By Frederick W. Schmidt
“This is a blessing in disguise.”
“God must really trust you.”
“God doesn’t give us more than we can bear.”
“God has a plan, your disease is a part of it, and God has a plan for you.”
Why do we share this happy horse-hockey with one another when we suffer? There are a variety of reasons.
Some of it sounds biblical. Some of us believe it -- or we did until our lives came unglued. Some of us want other people to believe it, because the sooner they feel better we will feel better. Others of us want people to believe it because if they do, then when we need comfort we might be able to believe it too. And some of us feel we need to believe it, because if we don’t, then God will punish us for being less than faithful.
There are so many difficulties with this kind of “wisdom” that it would take a book -- or a library -- to deal with all of it. And that is not where I want to focus, but briefly here are a few of the problems:
One, this kind of wisdom isn’t actually biblical. Scripture talks about God being present to us in the middle of crises and about God working in and through our lives in spite of the suffering that we experience. But nowhere does scripture deny real loss or assert that we can hope for a trouble-free life this side of the grave. I love the way Jewish interpreters read the opening chapters of Genesis. Effectively what they say is: “This isn’t a story of how things went wrong. This is a story about how things always are.” Far too often we seem to imply that if something bad has happened to you, it is because you did something bad; things would be perfect if you were perfect. That’s not what scripture says.
A second problem with the wisdom outlined above is that it fails to acknowledge the very real losses people experience. It is cruel to explain away the suffering of others in order to silence the racket in our own souls. You cannot find healing without naming the injury you have suffered or the losses that you have endured; and telling people that their struggles are “blessings in disguise” forecloses on their healing.
Third -- and worse yet -- this kind of wisdom leaves us with a God that no one can or should love. As one writer noted decades ago, when we describe God as one who tests the limits of our endurance, torments us, steals things from us, and then expects us to be happy about it (or else), we are describing God in the same terms we use to describe the criminally insane. If God is immoral or emotionally disturbed, it’s time to move to another universe.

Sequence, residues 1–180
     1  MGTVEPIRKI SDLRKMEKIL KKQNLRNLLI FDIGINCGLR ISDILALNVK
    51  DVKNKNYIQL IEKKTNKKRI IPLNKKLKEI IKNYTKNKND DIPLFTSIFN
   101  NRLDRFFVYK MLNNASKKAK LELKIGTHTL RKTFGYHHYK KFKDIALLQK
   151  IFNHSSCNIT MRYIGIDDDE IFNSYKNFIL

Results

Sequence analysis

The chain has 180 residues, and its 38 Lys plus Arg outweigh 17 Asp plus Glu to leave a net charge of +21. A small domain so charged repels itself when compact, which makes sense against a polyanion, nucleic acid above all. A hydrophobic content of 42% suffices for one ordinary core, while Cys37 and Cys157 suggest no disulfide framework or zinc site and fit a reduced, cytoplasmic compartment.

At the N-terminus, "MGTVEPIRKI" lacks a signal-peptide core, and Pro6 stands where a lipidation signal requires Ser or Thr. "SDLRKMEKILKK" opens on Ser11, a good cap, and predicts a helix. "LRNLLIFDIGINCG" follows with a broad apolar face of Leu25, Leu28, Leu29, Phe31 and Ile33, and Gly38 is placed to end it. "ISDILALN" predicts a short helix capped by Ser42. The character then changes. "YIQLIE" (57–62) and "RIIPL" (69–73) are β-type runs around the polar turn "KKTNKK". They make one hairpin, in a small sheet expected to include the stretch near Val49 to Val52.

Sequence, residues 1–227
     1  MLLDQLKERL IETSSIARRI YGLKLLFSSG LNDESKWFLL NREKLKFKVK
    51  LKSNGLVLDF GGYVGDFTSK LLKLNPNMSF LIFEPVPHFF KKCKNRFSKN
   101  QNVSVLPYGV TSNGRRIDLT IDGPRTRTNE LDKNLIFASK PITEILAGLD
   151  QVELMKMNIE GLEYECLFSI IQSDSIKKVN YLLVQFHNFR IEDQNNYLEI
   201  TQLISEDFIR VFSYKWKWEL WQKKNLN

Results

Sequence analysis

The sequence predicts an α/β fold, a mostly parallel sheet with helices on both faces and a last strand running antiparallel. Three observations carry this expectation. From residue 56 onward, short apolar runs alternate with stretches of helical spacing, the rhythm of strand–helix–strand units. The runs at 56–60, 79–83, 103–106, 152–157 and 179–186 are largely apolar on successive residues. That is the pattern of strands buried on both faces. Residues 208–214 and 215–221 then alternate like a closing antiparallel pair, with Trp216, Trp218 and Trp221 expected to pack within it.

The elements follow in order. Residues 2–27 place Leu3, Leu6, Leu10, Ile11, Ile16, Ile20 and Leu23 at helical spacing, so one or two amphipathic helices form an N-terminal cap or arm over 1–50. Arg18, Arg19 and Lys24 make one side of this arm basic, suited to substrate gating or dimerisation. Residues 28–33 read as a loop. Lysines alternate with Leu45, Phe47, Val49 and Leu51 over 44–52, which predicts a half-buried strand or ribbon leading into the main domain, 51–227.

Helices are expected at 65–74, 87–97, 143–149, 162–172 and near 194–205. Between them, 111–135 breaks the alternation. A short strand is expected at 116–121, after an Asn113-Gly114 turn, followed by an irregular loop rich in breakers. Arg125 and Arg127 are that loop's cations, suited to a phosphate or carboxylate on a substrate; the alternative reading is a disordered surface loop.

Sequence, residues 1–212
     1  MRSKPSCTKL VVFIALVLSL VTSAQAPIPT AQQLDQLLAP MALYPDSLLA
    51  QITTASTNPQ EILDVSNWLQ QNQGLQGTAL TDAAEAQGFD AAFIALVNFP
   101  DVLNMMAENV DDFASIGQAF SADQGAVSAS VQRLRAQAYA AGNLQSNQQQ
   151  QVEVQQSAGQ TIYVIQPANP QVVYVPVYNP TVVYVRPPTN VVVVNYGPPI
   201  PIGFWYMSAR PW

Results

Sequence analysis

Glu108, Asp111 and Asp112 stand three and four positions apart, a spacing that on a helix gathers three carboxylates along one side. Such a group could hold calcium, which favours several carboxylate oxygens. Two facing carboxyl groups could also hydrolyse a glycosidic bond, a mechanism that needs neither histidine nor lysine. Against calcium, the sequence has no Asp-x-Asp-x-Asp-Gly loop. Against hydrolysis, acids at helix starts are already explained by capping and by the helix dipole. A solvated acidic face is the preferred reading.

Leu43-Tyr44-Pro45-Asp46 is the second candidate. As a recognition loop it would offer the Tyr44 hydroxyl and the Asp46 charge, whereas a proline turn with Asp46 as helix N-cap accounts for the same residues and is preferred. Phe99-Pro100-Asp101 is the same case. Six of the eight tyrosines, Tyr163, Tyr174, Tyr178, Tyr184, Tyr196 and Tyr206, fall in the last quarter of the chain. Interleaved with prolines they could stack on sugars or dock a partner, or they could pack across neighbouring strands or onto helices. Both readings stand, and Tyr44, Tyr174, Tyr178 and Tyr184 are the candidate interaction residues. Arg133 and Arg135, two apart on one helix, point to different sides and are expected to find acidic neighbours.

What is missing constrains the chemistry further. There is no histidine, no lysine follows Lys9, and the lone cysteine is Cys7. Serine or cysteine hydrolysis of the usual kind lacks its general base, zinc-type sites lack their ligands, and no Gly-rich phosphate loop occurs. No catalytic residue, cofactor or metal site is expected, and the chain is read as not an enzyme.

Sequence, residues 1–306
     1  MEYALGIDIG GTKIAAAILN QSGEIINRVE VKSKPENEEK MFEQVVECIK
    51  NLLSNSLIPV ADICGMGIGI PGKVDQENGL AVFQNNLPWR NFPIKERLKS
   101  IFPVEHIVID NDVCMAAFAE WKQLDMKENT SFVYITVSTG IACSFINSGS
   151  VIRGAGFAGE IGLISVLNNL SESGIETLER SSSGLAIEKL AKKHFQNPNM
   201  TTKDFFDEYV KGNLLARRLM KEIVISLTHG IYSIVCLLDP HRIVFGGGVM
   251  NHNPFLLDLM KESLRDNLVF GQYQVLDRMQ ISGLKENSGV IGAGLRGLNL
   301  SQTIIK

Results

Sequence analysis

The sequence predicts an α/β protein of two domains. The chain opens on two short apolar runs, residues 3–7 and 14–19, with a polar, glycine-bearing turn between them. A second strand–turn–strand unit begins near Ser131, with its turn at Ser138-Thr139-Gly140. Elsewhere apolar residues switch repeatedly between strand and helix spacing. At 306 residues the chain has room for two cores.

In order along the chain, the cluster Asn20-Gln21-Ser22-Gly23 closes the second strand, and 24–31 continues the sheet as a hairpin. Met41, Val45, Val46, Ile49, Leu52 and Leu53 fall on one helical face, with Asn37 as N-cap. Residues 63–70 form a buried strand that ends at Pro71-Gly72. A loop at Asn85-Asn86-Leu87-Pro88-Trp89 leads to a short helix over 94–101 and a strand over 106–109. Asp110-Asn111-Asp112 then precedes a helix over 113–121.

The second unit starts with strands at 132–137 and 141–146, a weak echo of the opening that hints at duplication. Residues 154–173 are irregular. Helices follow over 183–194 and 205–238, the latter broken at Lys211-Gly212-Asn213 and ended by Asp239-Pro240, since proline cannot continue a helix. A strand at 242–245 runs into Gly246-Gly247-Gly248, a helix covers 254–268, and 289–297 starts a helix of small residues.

But I don’t want to focus on the endless churchy debates about this kind of wisdom and ask a spiritual question instead: “Why do we think our souls need this kind of cold comfort?”
Here is what I am hearing and I will look forward to hearing what you think:
- Suffering takes us to the limits of our capacity for faith. When things are going well, it is not hard to believe in God or to trust that things will change. But when we face irrevocable change and loss, then life takes us to new limits. God doesn’t send suffering our way, but it does strip us of all the other resources we have used to cope with life’s smaller complexities.
- When we find ourselves at life’s edge, our impulse is to scramble back to a place where we can trust God with ease. The first line of defense is to make the loss itself go away. That is why people will resort to horse-hockey wisdom, even at the expense of portraying God as a fiend.
- The problem, of course, is that true healing requires acknowledging our losses. When we try to explain away our own loss or the loss of others, we foreclose on that process.
- The fundamental spiritual challenge is to find a way to trust God, even if we are not delivered. It is there that we finally confront our own mortality and our dependence upon God.
My spiritual director is a breast cancer survivor and has been a diabetic almost the whole of her adult life. In the last three years she has had a broken hip, heart surgery, a collapsed lung, a second heart surgery to correct the complications from her first surgery, a broken collarbone, and hip replacement surgery. Now she has been told that the pain she suffers from the replacement joint will be something she endures the rest of her life. Her pain is real. The limitations she faces are undeniable. God is not punishing her or blessing her. But God is with her in her suffering and she will tell you that.
Life is not about what we do or do not have. It is a journey into intimacy with God. Suffering, loss, and death are things that cannot be fixed or explained away. They are also a part of the experience that challenges all of the other definitions of life that we understandably cherish. Happy horse-hockey, even in its churchy form, simply slows our pilgrimage.